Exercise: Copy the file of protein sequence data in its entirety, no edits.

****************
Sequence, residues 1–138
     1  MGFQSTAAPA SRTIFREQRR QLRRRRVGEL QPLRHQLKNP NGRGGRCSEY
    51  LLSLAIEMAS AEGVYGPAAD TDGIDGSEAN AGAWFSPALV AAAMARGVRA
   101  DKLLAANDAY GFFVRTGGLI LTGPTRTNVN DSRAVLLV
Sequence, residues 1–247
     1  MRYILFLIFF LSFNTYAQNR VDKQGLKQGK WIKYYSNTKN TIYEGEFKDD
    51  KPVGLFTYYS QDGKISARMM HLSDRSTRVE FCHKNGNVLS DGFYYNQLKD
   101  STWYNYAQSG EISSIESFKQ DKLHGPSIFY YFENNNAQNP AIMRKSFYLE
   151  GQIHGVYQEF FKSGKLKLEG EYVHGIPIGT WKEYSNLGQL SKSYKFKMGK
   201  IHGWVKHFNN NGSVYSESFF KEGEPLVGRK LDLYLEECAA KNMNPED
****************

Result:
Sequence, residues 1–138
     1  MGFQSTAAPA SRTIFREQRR QLRRRRVGEL QPLRHQLKNP NGRGGRCSEY
    51  LLSLAIEMAS AEGVYGPAAD TDGIDGSEAN AGAWFSPALV AAAMARGVRA
   101  DKLLAANDAY GFFVRTGGLI LTGPTRTNVN DSRAVLLV
Sequence, residues 1–247
     1  MRYILFLIFF LSFNTYAQNR VDKQGLKQGK WIKYYSNTKN TIYEGEFKDD
    51  KPVGLFTYYS QDGKISARMM HLSDRSTRVE FCHKNGNVLS DGFYYNQLKD
   101  STWYNYAQSG EISSIESFKQ DKLHGPSIFY YFENNNAQNP AIMRKSFYLE
   151  GQIHGVYQEF FKSGKLKLEG EYVHGIPIGT WKEYSNLGQL SKSYKFKMGK
   201  IHGWVKHFNN NGSVYSESFF KEGEPLVGRK LDLYLEECAA KNMNPED